The 1983 National Murderball Championships witnessed another first in that neither of the two finalists from the previous four tournaments (Ontario and British Columbia) made it to the gold medal game. British Columbia did not attend the tournament, and Ontario finished third. Quebec was victorious over Alberta with a final score of 20-19. This started a period of four consecutive National titles won by Quebec: 1983-Sudbury, ON; 1984- Winnipeg, MB; 1985 – Longueuil, QC; 1986-Regina, SK.
1983 also saw the beginning of the process of changing the name from “Murderball” to “Wheelchair Rugby.” This proposal, initiated by Pawel Zbieranowski and Ontario regional representatives, was approved by the province of Ontario in November of that year. The CWSA ratified this change nationally in 1984, with the first Canadian “Wheelchair Rugby” Championships taking place in 1985.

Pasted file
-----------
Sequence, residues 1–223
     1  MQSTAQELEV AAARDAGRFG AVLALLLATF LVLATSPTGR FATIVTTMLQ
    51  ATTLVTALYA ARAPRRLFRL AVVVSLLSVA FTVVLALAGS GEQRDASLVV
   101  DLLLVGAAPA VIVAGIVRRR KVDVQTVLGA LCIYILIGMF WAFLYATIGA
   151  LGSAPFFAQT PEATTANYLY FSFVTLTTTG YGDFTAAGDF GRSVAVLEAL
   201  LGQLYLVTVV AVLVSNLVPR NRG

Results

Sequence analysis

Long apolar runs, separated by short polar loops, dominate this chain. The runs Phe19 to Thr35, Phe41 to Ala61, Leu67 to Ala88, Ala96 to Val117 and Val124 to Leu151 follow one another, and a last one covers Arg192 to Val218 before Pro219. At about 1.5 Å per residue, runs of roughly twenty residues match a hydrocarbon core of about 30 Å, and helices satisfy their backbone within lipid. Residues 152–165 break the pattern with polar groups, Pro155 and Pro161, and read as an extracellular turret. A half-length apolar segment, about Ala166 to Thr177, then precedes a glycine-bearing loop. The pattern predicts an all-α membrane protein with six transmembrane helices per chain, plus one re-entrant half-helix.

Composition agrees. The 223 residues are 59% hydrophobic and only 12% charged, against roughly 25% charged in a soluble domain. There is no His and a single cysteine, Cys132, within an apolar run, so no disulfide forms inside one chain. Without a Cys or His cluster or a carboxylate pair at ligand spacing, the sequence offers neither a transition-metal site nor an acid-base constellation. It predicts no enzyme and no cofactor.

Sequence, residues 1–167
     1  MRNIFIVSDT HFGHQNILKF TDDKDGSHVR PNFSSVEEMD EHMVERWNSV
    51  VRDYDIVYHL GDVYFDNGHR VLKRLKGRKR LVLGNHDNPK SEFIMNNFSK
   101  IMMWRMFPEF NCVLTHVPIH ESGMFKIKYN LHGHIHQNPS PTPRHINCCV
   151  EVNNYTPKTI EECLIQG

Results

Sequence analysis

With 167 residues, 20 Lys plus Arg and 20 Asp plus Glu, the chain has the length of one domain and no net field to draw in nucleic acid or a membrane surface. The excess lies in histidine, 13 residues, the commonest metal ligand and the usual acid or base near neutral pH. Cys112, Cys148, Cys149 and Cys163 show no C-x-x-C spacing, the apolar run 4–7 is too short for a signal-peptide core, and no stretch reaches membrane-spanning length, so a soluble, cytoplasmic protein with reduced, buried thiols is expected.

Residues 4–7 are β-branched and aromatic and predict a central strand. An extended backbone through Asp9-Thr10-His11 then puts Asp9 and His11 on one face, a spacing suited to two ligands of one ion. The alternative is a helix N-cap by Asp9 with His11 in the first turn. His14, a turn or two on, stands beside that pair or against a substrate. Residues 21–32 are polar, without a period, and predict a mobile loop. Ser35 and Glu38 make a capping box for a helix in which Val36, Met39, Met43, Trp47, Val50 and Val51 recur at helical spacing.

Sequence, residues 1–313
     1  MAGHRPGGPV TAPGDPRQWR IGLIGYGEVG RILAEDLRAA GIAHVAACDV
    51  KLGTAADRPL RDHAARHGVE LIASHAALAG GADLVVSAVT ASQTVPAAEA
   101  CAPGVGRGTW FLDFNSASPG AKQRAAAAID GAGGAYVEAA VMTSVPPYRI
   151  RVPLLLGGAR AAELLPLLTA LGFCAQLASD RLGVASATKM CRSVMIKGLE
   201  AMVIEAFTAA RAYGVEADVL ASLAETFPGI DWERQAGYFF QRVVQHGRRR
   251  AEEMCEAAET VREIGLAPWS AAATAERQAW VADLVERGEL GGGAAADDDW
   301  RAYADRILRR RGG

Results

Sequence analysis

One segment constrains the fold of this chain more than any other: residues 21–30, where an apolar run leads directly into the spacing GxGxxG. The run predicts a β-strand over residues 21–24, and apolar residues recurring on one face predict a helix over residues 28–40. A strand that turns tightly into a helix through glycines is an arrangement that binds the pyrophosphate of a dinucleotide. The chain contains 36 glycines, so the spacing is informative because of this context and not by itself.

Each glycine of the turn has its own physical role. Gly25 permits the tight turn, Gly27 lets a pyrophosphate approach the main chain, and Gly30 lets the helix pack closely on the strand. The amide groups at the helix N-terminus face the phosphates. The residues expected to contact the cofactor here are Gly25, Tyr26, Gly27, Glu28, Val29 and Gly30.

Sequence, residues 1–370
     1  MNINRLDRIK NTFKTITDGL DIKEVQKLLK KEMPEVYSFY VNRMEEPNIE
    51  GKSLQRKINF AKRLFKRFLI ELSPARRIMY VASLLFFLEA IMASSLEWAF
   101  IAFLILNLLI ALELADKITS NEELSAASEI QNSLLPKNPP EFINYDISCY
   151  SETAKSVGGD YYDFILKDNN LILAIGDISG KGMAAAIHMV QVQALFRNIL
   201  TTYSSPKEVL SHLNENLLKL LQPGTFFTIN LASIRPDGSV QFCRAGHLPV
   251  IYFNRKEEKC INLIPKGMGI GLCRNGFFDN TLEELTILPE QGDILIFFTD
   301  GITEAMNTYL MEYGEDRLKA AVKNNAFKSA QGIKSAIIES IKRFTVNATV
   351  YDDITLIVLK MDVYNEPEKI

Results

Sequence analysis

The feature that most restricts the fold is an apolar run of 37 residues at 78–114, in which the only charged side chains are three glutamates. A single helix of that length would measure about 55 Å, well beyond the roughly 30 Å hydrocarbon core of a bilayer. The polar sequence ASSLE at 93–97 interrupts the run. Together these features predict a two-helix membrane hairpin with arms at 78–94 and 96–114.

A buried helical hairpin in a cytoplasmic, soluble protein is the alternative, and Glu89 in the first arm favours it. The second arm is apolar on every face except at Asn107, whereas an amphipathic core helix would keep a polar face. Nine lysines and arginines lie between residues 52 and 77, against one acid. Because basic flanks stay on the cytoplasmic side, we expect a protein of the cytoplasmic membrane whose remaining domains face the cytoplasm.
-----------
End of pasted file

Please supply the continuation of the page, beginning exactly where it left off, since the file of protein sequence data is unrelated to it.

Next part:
At the 1987 National Championships in Ottawa a change of guard took place at the top of the podium. Saskatchewan emerged as a new powerhouse in Canadian Wheelchair Rugby, winning five consecutive titles: 1987-Ottawa, ON; 1988-Vancouver, BC; 1989-Niagara Falls, ON; 1990-Saskatoon, SK; 1991-Toronto, ON. Unfortunately, due to some financial and organizational challenges, there were no National Championships held in 1992. In 1993, B.C. began their dominance in Canada by winning an unprecedented nine consecutive championships titles. Two of these titles (1996 and 1998) were shared with Quebec as the Championships were split into two regional tournaments for eastern and western Canada. In 1994, Nationals were held in Charlottetown, PE, marking the first time a national wheelchair rugby championship occurred in Atlantic Canada.